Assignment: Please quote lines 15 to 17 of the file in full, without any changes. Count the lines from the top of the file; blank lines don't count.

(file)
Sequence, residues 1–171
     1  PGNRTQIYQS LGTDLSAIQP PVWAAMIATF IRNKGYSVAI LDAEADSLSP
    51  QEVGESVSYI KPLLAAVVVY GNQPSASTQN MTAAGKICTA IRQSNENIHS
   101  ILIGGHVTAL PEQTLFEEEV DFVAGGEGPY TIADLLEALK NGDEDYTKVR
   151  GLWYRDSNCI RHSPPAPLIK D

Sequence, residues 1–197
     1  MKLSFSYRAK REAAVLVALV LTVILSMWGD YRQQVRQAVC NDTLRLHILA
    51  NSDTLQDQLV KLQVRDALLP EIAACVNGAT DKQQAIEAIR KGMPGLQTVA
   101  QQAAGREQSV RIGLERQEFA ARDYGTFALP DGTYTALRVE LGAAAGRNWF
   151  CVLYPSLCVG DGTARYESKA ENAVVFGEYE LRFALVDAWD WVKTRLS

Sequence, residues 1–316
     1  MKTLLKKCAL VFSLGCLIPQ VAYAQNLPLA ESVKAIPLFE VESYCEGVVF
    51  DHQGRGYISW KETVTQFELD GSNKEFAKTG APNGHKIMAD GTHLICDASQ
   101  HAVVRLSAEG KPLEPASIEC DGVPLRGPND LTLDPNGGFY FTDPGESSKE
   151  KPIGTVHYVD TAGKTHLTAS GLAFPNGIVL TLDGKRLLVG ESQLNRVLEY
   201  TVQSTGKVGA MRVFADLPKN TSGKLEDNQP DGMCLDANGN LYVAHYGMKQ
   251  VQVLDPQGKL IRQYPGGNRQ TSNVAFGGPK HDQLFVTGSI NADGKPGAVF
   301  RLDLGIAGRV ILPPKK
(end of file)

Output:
   151  KPIGTVHYVD TAGKTHLTAS GLAFPNGIVL TLDGKRLLVG ESQLNRVLEY
   201  TVQSTGKVGA MRVFADLPKN TSGKLEDNQP DGMCLDANGN LYVAHYGMKQ
   251  VQVLDPQGKL IRQYPGGNRQ TSNVAFGGPK HDQLFVTGSI NADGKPGAVF